For any of these groups, our making them feel welcome is meaningless. They have chosen other communities, and already feel very included and welcome there. If there is any hope to draw back any of those families, it will need to come not simply from inclusion, but from their experiencing deep Jewish content they can’t get anywhere else.
But what about the rest of the intermarried population, the ones who may be open to making Jewish choices? Yes, we most definitely need to reach out to them. But we need to be much more than inclusive. We need to give them the most meaningful Jewish experiences possible, challenge them to reach as high as possible, and enable them to benefit as much as possible from the depth of our 3,500 year old tradition. Judaism, when presented well, is not just an amazing religion, but one that grapples profoundly with the big questions of life. Presented this way, some intermarried families will find Judaism so attractive they will want to become Jewish families. Others may not see conversion as an option, but nevertheless will want to make Judaism and the Jewish community a much bigger part of their lives.
But we haven’t really done this. Unlike the approach of the Feuerstein Institute, we haven’t imagined what interfaith families might accomplish nor given them the tools to get there. What would happen if we took 100 interfaith families and sent them on an intensive Shabbaton with the most thoughtful and dynamic Jewish teachers we could find, and then followed their progress over the next year? The results might astound us. But we don’t know. Because we haven’t really tried it. Even better, what if we sent 100 interfaith families to Israel, not for a typical mission, but for a week of intensive, hands-on learning? We might be stunned to see where those families end up. But again, we don’t know. Because we haven’t tried it. There are a thousand other ideas we’ve never tried that would take intermarried families well beyond mere inclusion.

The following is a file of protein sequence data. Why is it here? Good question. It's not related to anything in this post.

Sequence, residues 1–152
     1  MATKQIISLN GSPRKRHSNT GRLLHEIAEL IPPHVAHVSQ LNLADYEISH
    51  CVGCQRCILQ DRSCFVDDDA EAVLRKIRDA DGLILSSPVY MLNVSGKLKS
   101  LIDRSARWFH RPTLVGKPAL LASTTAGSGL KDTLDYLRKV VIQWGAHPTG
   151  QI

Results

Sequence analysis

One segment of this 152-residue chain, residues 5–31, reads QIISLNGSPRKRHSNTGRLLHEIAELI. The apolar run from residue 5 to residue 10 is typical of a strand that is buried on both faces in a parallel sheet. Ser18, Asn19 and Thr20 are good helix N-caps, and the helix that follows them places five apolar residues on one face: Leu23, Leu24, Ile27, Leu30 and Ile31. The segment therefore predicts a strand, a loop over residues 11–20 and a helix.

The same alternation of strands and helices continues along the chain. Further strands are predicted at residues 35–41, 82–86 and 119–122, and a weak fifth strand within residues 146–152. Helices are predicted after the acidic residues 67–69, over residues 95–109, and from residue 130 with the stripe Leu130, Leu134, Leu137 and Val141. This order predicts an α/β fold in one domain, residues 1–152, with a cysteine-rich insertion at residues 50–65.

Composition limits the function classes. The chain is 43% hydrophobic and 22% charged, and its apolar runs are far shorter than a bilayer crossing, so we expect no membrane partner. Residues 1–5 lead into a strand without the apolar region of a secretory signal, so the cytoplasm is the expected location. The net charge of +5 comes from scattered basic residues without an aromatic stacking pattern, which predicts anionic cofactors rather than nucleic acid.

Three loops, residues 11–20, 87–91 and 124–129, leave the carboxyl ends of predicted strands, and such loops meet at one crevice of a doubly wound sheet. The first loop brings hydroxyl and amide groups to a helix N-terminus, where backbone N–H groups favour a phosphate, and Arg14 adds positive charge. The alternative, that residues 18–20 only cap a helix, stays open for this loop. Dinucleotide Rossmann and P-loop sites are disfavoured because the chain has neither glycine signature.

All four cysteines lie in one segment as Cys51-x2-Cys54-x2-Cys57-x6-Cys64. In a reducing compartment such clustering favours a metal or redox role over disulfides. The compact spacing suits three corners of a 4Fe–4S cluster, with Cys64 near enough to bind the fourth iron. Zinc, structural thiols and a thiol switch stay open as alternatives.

Instead, our Jewish community has held countless “community conversations” that at the end of the day have yielded precious little. Inevitably, these community conversations feature intermarried families who express their disappointment at not having found a rabbi to marry them and the like. What if we could move beyond the litany of complaints to discover what actually attracts intermarried families to Jewish life? What if we led focus groups with a few hundred formerly intermarried families who have become Jewish families? What if we asked them what drew them to Judaism, what experiences had the deepest impact, how Judaism has made a difference in their lives? If we did that, we would have a wealth of information about what works, and what experiences we could replicate that would make intermarried families (whether or not a conversion ultimately took place) want to connect with Judaism.
But again, we don’t have that information. Because we’ve never done it.
I agree with Ed Case that the time has come for a sustained conversation with funders about interfaith families. But I envision a somewhat different conversation, one that will include more than the usual voices at the table. This is a complex issue, and such a conversation needs to include people with a wide range of views, even people who may vehemently disagree with each other. It needs to include funders, as well, who hold different views and seek different paths.
The time has come for a deeper communal conversation, one that is not simply about inclusion, but transformation. Whether we have the courage to engage in such a conversation, time will tell.
Harold Berman the co-author of Doublelife: One Family, Two Faiths and a Journey of Hope, the first true-life account of “an intermarriage gone Jewish,” is the former Executive Director of the Jewish Federation of Western Massachusetts. He and his wife, Gayle, are the founders of J-Journey.org, a support system for intermarried families who seek to become observant Jews.